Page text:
Extended range is a feature. One driver of fuel efficient vehicle sales today is uncertainty about fuel availability in the future similar to that experienced in the US during the ’70s. Diesels of the day were expensive and slow, but buyers welcomed the opportunity to not be caught out next time there were fuel lines, rationing, and shortages. I take advantage of the range of my present car by not buying gas on holiday weekends or other times of price spikes. We need a complete political overhaul if we’re to ward off all sorts of energy market disruptions. Even if it happens, there could be situations where having fuel is more important than having the potential to use very little of it.

    • 0 avatar
      charly

      It is not a feature but a liability. Sitting 4 hours without moving isn’t healthy.

    • 0 avatar
      cackalacka

      You’re picking nits, CJ.
       
      If we’re talking about vehicles installing carbon fiber to save lbs, it makes sense, at 6 lbs a gallon, to skimp. Why drop tens of thousands in nano-tubes, aluminum, and left/right/rear-view cameras, only to cancel out said $$/improvements with a 15-gallon tank weighing in at 100 lbs filled?
       
      Plus, it won’t take 2-8 hours for this vehicle to ‘recharge.’ Any combustion-based vehicle with a fuel-range of 200 or more is perfectly viable, unless one is plotting roadtrips in the Outback or Siberia.
       
      If folks are going to be wary of another OPEC shortage or spikes on the fourth of July weekend, they wouldn’t need to purchase a $20k range-extending trailer. A five-gallon gas-can filled on July 1st will do the trick.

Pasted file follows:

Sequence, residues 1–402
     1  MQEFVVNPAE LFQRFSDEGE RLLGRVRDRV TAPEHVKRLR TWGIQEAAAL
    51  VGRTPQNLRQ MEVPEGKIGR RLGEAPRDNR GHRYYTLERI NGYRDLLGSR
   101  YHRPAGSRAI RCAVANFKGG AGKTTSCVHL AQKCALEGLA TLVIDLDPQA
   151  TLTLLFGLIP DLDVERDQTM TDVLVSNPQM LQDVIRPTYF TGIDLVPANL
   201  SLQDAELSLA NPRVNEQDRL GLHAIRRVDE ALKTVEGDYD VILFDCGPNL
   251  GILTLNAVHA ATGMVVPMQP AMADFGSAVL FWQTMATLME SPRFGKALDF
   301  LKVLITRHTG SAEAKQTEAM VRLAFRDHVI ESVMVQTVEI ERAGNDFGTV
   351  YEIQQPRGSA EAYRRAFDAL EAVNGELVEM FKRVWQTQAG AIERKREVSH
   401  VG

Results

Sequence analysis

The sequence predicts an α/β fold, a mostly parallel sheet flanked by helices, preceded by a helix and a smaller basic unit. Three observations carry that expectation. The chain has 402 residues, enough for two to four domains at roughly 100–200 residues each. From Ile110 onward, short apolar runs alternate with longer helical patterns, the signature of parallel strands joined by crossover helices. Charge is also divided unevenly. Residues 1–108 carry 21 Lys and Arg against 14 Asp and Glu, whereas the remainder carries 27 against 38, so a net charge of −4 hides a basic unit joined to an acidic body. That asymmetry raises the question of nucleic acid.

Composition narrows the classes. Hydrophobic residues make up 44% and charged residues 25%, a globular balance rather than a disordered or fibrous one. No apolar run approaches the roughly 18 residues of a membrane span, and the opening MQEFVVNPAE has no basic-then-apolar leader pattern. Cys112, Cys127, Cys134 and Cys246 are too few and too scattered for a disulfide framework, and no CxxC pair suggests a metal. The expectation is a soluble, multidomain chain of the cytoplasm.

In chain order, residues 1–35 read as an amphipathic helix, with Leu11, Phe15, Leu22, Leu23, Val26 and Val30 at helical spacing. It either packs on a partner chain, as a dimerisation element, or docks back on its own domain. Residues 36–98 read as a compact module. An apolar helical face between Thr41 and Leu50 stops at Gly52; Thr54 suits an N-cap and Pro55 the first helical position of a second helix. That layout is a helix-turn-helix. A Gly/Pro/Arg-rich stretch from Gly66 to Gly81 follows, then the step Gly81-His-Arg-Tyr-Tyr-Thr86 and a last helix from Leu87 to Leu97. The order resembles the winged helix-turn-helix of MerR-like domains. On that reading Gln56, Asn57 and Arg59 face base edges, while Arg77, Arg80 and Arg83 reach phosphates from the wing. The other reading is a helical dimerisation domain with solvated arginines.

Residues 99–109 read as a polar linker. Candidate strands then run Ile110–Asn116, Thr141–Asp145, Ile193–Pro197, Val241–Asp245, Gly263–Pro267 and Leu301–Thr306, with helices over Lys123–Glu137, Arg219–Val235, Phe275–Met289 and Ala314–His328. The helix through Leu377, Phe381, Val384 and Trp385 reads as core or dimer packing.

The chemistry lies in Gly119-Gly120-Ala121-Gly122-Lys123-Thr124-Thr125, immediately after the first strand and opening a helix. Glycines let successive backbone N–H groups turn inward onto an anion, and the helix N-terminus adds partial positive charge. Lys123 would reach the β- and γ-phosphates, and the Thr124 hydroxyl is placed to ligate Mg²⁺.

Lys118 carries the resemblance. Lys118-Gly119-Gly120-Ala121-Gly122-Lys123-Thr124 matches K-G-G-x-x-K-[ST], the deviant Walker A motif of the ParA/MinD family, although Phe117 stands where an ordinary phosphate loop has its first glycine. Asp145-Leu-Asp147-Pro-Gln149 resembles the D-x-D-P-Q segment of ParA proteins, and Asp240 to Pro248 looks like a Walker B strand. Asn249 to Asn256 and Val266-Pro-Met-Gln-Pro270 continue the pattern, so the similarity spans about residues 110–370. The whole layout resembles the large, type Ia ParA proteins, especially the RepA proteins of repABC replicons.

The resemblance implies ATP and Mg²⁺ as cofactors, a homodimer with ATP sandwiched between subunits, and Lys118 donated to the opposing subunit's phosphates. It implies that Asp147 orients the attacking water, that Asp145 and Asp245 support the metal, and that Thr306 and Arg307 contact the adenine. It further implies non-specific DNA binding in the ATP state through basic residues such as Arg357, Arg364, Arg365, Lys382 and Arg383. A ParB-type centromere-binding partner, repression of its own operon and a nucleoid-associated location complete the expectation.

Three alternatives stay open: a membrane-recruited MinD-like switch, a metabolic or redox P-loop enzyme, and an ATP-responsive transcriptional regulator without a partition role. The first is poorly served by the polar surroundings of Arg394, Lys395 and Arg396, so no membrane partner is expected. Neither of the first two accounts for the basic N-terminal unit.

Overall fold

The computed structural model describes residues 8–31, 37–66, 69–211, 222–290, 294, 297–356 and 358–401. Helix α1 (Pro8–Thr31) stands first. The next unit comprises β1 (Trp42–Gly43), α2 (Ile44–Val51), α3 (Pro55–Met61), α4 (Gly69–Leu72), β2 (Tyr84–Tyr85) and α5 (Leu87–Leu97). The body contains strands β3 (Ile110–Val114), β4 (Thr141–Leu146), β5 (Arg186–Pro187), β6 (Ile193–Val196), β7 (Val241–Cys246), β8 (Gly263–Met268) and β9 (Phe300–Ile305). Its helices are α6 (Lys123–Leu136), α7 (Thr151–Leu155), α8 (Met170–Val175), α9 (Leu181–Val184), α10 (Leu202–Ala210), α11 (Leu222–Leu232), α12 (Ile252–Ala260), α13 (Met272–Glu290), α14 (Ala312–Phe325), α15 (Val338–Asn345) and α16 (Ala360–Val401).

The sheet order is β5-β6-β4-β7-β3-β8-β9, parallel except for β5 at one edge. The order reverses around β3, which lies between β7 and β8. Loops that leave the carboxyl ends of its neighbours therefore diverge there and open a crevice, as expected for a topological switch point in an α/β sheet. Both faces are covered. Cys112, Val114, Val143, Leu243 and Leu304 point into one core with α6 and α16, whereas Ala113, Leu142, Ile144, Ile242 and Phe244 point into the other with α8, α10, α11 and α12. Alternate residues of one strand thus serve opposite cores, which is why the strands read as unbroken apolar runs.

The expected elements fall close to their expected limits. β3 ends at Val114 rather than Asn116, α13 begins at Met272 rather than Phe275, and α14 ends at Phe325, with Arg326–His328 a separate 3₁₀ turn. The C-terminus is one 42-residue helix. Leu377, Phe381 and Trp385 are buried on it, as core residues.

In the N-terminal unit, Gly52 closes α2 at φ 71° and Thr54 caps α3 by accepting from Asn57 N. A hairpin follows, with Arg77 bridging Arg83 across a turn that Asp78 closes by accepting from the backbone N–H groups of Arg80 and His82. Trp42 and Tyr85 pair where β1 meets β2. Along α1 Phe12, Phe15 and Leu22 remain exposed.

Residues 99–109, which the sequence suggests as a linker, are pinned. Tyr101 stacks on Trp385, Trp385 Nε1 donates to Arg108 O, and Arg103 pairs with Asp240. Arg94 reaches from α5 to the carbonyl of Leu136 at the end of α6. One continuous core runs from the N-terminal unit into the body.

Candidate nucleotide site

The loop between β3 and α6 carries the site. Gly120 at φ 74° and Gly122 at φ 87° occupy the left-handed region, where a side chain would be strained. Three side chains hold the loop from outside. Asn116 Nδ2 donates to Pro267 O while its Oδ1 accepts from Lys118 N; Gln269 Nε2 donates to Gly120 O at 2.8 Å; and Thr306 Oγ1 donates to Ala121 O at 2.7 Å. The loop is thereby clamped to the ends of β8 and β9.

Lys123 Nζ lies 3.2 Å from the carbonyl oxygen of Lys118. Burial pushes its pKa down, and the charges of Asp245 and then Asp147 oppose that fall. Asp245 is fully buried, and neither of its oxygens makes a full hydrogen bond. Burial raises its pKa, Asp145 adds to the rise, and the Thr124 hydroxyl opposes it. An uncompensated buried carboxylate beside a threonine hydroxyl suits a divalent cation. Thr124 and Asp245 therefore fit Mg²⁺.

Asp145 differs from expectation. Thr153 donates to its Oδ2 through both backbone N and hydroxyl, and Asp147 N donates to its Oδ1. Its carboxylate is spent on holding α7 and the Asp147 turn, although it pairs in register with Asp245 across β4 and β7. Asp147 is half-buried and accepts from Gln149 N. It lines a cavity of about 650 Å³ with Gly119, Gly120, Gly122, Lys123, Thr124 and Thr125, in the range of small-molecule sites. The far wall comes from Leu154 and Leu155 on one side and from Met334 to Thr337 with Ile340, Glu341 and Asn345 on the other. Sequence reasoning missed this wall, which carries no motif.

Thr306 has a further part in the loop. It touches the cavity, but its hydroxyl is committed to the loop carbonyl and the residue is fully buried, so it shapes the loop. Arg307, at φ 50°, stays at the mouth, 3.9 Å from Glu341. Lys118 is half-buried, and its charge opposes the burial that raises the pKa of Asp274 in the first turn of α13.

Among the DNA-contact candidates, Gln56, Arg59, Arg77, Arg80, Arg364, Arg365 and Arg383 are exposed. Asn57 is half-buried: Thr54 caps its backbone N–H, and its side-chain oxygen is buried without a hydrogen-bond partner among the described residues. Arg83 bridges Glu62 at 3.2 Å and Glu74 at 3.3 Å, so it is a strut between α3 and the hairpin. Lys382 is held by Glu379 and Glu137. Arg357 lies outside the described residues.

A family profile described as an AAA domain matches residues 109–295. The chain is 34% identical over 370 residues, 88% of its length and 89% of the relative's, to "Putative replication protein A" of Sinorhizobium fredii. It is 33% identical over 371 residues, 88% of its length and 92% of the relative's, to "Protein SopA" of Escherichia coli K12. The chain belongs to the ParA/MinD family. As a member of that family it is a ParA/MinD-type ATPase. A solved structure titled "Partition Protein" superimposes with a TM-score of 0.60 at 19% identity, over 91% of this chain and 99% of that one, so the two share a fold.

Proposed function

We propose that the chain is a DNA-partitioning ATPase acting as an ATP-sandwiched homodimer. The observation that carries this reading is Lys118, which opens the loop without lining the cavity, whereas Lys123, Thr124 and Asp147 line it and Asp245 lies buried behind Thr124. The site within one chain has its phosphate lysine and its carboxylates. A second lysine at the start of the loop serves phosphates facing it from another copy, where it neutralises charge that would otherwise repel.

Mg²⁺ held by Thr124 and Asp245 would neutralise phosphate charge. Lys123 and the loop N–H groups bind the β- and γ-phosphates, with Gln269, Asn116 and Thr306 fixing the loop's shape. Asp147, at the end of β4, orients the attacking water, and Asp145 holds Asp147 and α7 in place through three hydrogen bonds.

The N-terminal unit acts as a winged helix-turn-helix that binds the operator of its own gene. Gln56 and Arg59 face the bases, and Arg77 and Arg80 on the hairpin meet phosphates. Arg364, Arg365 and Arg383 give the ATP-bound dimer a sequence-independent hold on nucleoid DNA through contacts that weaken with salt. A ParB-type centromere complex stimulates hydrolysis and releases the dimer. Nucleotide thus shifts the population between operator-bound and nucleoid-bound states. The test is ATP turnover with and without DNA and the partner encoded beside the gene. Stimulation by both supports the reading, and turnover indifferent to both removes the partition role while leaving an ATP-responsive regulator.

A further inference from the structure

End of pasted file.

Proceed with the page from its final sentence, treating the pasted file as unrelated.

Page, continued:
• avatar

    As a Volkswagen it might  be below the price for a Veyron, offering the same rear visibility.

  • avatar
    car_guy2010

    I see a lot of nit-picking here, which is unfortunate.
    First of all, how do we know that VW is going to keep the exact same design? They may have to modify it just to meet crash standards, etc. This will almost certainly lower the mpg, unless they have something planned.
    Second of all, I believe more people would drive cars with highly-efficient internal combustion engines. The problem is that there aren’t enough companies selling them. I bet you that none of the most fuel efficient vehicles currently on the road can top 100mpg. Just to get a vehicle on the road that can not only top it, but double it (and then some) would be quite an achievement.
    I just want to see VW attempt it.

  • avatar
    "scarey"

    http://img.photobucket.com/albums/v391/dogsledder54/VWXL1.jpg
    Needs styling cues from 1st generation Beetle.

  • avatar
    "scarey"

    http://img.photobucket.com/albums/v391/dogsledder54/VWXL12.jpg
    Front view.

  • avatar

    They’ll sell all 100 even if they are 100k. People demand economy and will pay any price to get it.
     
    I like it ; it shows that we don’t need hybrids at all, and we don’t need plugins until they demonstate some frickin range.

  • avatar
    matt

    if they can sell the veyron for $1MM when it costs ~$5MM to make (at least that’s what I remember hearing…), they can sell this thing at a “reasonable” price, too.

  • avatar

    That’s exciting news, this vehicle looks amazing.